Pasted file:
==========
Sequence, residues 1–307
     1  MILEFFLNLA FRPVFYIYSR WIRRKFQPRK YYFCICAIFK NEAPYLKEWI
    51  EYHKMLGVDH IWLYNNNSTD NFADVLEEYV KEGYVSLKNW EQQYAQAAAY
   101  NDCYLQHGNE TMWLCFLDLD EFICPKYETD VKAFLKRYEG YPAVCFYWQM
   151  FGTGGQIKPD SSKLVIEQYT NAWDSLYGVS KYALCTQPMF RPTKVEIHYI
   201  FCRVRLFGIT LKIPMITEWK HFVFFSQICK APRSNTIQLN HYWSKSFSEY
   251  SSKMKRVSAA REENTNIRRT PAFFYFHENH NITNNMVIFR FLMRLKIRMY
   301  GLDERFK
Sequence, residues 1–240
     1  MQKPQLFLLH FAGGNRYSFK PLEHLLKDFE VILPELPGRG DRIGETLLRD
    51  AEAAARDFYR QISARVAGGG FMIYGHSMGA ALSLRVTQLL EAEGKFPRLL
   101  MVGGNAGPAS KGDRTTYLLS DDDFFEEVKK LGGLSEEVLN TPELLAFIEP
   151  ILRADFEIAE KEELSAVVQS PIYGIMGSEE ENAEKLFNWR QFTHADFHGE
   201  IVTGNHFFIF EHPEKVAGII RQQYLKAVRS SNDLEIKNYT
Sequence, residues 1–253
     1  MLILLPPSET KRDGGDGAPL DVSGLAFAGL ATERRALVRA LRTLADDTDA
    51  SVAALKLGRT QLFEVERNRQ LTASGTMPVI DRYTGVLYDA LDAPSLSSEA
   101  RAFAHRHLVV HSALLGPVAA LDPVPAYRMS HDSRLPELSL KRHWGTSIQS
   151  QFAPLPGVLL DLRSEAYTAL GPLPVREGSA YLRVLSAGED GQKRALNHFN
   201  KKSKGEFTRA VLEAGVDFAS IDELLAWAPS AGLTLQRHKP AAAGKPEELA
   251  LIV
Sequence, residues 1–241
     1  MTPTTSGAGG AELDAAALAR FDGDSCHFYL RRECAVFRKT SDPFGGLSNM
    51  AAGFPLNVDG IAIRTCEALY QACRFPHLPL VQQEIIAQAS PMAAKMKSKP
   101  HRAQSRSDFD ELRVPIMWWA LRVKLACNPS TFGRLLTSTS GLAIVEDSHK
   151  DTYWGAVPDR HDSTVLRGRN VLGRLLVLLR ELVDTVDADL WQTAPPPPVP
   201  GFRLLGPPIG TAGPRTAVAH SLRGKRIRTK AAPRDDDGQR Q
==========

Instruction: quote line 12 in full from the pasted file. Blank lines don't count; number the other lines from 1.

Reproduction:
   101  MVGGNAGPAS KGDRTTYLLS DDDFFEEVKK LGGLSEEVLN TPELLAFIEP